Into the fullness of the problem raised by sensationalism, into the truth which underlies this ‘metaphor hardened into a dogma’, we are not prepared, nor indeed is it necessary, to enter here. We will content ourselves on the general question with the remark, that in the act of perception, it is not doubt true to say that the mind is passive. But to say this is to say one thing, and it is quite and altogether another thing to talk of sensations (in the signification of bare feelings) as though in themselves, and apart from the activity of the mind, they existed as objects of consciousness. That is to assert that a mere feeling is sufficient to constitute by itself the minimum required for knowledge and reality; and the proof of this assertion has been, is, and ever will be wanting. It cannot exist since the proof or even the assertion is a sheer self-contradiction; and it is a self-contradiction for the following reason. An assertion, and much more so a proof, is intellectual; it is a judgment which implies the exercise of the understanding; and the term united by the judgment must therefore fall within the sphere of the understanding. They must be objects for the intellect, and so, in a sense more or less entire, relative to the intellect; in a word, intelligible. But the essence of mere sensation was the entire absence of the intellectual, and hence to make one single affirmation with respect to sensation, as sensation, is to treat as relative to the understanding that which is supposed to exclude the understanding; and this is a contradiction.
To pursue with the reason an object which when found is to be irrational, to think the opposite of thought while fixed as opposite, to comprehend the incomprehensible yet without transforming it–such is the task of that which calls itself the ‘philosophy of experience’. It is the pursuit of a phantom for ever doomed to fade in our embrace, a mocking shadow beyond the horizon of our grasp, known to us as the unreality of all that we can hold, and whose existence must perish at the threshold of human possession.
…I am convinced that I can be creative as a philosopher only for so long as my experience still contains unexploited and unchartered zones. And this explains at last what I said earlier on about experience being like a promised land: it has to become, as it were, its own beyond, inasmuch as it has to transmute itself and make its own conquest. After all, the error of empiricism consists only in ignoring the part of invention and even of creative initiative involved in any genuine experience. It might also be said that its error is to take experience for granted and to ignore its mystery; whereas what is amazing and miraculous is that there should be experience at all. Does not the deepening of metaphysical knowledge consist essentially in the steps whereby experience, instead of evolving technics, turns inward towards the realization of itself?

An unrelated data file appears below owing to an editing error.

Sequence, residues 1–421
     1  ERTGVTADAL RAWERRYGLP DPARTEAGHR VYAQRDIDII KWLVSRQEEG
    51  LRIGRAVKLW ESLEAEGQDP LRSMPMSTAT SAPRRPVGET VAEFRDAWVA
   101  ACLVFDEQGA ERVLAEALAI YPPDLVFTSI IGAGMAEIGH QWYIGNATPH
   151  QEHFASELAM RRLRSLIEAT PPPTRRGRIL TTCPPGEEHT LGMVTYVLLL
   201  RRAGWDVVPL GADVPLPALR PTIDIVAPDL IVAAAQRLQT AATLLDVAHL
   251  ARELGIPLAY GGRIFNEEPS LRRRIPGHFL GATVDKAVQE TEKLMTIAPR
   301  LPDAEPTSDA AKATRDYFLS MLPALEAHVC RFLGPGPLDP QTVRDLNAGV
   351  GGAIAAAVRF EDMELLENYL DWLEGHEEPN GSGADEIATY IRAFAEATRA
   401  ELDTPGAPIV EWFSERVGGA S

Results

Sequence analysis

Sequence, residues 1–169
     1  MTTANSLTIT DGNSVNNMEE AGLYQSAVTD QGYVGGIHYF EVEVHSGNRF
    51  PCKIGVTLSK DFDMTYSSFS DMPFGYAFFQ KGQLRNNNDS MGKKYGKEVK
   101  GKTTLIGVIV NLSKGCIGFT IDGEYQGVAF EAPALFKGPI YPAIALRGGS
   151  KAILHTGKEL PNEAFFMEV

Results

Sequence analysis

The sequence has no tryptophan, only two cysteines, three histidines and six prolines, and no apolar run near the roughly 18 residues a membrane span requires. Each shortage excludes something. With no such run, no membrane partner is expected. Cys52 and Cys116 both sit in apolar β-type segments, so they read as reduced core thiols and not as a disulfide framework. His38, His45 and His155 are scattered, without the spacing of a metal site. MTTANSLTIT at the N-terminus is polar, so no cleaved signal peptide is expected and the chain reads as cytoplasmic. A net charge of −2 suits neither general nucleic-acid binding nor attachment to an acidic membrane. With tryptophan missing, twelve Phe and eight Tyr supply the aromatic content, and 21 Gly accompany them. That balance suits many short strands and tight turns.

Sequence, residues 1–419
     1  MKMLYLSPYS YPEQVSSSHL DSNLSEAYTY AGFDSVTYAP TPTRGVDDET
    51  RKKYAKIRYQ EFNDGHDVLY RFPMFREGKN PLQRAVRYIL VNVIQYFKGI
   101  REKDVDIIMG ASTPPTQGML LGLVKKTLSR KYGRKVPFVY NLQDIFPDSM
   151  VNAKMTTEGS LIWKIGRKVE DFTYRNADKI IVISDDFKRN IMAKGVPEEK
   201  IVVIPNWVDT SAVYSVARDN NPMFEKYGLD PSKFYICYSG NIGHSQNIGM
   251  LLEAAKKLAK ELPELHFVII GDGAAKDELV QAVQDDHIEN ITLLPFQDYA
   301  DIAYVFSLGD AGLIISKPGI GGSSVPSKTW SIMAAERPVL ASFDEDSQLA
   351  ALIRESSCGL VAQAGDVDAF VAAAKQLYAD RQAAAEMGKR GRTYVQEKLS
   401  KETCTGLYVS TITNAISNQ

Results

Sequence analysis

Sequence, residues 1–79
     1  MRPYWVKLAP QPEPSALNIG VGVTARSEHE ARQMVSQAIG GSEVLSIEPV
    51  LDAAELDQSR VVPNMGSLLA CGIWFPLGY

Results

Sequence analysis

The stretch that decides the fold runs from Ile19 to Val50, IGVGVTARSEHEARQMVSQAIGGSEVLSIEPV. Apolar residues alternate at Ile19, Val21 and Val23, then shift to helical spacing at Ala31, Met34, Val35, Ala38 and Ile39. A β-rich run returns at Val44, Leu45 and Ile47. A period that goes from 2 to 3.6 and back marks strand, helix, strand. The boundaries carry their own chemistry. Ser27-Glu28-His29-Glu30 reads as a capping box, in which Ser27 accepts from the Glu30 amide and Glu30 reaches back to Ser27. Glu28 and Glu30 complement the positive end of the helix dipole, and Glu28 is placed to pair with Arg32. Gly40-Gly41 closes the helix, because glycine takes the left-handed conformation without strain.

Can a philosophy be grounded on the considered experience of its author? –So grounded, we could understand it as open to analysis and to disagreement, but not as straightforwardly vulnerable to argument based on general principle. I ask because it strikes me that many of the philosophies I care most about can be understood as grounded in this way, as grounded in their author’s considered experience. Montaigne’s, of course; but Cavell’s too, of course. Many philosophers who turn in the direction of ’empiricism’, ‘experience’–can I think be best understood as appealing to his or her own considered experience. They are not best understood as appealing to experience (full stop), are not worried about (or much worried about) theorizing the rational or a-rational bearing of experience (full stop) on belief or knowledge. They are neither rationalists nor empiricists, although stretches of their philosophical terms, constructive or critical, sound empiricistic.
A give-away for the sort of philosophy with which I am concerned is a moment at which the philosopher talks of experience as something to which we can be loyal, something to which we can rally, something that can obligate us, something that can be educated. Another give-away is talk about experience as accumulating, as having weight.